Situational Irony In The Ransom Of The Red Chief

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You might expect a kidnapper to be incontrol, demanding, and fearless. But this is not the case in the story “The Ransom of the Red Chief” by O. Henry, where the author uses situational and verbal irony to develop the tone of the story. Both verbal and situational irony are used throughout the story to develop a humorous tone. Situational irony is used in many instances in the story to create humor. One of the first instances of situational irony is when the “would be” kidnappers first carry little “Red Chief” off to their lair. The reader expects the kidnappers to be serious and smarter than they are in the story. They try to be serious but they just can’t control themselves. However, the kidnappers do not behave as the reader would expect, instead they act kind of scared of “Red Chief”. One time bill said that his shoulder was hurting but he…show more content…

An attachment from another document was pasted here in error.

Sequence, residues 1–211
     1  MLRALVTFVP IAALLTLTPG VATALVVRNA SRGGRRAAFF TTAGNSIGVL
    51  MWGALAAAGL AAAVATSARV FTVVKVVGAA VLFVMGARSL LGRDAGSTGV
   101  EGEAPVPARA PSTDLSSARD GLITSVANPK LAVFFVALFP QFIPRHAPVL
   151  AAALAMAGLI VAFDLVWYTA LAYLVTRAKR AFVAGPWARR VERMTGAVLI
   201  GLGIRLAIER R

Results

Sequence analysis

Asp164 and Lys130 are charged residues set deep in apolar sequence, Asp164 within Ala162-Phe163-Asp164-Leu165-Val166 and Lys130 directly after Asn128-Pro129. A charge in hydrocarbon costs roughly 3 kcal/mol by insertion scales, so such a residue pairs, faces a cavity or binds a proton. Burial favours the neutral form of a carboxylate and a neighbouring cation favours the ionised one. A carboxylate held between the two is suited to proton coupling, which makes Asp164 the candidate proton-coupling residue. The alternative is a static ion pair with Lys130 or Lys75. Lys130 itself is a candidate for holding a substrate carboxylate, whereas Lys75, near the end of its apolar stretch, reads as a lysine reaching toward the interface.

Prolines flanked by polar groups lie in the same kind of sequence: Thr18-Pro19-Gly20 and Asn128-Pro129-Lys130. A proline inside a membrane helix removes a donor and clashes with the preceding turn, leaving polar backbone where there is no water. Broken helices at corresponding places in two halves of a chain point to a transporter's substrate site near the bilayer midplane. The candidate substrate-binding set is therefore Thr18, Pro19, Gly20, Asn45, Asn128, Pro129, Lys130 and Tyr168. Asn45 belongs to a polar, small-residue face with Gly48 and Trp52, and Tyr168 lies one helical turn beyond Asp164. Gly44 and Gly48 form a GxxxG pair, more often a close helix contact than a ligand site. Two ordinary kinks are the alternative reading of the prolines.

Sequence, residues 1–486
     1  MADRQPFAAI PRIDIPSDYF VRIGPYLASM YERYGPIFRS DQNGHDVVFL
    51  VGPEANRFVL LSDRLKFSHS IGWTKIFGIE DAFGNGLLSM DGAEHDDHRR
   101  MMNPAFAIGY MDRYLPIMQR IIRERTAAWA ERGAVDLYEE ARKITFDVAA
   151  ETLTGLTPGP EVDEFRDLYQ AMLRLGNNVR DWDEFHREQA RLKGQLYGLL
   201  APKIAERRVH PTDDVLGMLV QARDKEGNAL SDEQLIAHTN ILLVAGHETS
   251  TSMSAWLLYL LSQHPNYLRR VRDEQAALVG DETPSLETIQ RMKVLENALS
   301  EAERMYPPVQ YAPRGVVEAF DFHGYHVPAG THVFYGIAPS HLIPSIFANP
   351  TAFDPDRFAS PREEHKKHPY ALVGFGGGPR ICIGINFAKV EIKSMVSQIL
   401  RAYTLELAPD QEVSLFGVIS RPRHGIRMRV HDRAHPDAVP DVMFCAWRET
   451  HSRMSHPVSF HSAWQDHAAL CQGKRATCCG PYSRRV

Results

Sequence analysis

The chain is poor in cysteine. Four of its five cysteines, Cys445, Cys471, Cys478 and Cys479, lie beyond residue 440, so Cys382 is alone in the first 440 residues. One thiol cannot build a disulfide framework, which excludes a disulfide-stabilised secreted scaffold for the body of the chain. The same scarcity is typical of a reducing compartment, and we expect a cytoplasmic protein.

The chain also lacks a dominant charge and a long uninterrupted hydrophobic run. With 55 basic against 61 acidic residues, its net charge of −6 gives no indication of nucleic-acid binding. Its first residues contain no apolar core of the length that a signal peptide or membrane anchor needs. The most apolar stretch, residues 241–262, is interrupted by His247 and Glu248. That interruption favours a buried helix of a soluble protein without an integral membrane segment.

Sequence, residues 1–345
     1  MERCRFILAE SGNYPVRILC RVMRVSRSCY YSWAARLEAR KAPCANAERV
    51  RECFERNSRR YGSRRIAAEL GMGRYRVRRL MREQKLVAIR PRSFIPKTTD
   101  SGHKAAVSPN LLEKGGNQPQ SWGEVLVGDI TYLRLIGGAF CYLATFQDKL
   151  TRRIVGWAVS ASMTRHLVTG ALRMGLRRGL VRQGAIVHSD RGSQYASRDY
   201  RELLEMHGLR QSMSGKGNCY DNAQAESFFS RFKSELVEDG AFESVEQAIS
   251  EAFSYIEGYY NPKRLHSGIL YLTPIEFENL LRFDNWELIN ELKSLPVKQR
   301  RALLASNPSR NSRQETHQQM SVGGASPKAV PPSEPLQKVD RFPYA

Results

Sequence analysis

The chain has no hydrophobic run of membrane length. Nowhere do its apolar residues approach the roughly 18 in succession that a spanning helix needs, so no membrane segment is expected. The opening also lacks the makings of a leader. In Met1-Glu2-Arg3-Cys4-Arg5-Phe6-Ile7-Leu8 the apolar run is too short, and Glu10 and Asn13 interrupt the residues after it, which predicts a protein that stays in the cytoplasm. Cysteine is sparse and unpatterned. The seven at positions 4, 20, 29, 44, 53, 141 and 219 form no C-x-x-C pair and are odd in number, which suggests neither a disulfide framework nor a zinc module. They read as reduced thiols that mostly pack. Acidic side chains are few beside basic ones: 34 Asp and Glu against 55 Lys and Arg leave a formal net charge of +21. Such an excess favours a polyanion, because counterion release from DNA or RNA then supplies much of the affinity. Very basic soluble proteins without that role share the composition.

This is clearly portrayed in the text when it states, “You’re a liar! Says Bill. You’re afraid. You was to be burned at sunrise, and you was afraid he’d do it. And he would, too, if he could find a match. Ain’t it awful, Sam? (O. Henry 3). This creates a humorous tone because the kidnappers are terrified of the kid, when the kid should be terrified of the kidnappers. Another instance of situational irony is when “Red Chief” begins to speak with the kidnappers. One would expect that a child who has been kidnapped would be fearful, or want to go home to see their family. However, “Red Chief” does not behave as expected, instead he doesn’t want to leave and he is having the time of his life. He was treating the kidnappers like they were apart of his family and asking them about all the questions he
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